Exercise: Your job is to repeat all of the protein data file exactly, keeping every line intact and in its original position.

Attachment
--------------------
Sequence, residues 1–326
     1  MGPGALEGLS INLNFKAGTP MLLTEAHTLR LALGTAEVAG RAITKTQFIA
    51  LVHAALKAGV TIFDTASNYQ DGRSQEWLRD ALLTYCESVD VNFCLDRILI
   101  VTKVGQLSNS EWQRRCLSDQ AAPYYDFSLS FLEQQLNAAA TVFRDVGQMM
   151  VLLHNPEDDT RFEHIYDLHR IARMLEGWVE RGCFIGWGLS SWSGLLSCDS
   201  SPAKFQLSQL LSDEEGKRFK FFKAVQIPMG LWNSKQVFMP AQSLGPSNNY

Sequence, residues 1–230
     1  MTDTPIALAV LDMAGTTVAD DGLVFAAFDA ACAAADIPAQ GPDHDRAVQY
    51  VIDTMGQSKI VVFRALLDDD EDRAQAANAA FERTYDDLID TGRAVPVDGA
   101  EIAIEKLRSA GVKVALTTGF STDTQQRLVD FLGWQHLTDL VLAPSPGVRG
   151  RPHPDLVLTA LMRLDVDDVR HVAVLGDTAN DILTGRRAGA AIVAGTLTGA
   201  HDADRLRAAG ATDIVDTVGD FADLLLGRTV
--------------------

Sequence, residues 1–326
     1  MGPGALEGLS INLNFKAGTP MLLTEAHTLR LALGTAEVAG RAITKTQFIA
    51  LVHAALKAGV TIFDTASNYQ DGRSQEWLRD ALLTYCESVD VNFCLDRILI
   101  VTKVGQLSNS EWQRRCLSDQ AAPYYDFSLS FLEQQLNAAA TVFRDVGQMM
   151  VLLHNPEDDT RFEHIYDLHR IARMLEGWVE RGCFIGWGLS SWSGLLSCDS
   201  SPAKFQLSQL LSDEEGKRFK FFKAVQIPMG LWNSKQVFMP AQSLGPSNNY

Sequence, residues 1–230
     1  MTDTPIALAV LDMAGTTVAD DGLVFAAFDA ACAAADIPAQ GPDHDRAVQY
    51  VIDTMGQSKI VVFRALLDDD EDRAQAANAA FERTYDDLID TGRAVPVDGA
   101  EIAIEKLRSA GVKVALTTGF STDTQQRLVD FLGWQHLTDL VLAPSPGVRG
   151  RPHPDLVLTA LMRLDVDDVR HVAVLGDTAN DILTGRRAGA AIVAGTLTGA
   201  HDADRLRAAG ATDIVDTVGD FADLLLGRTV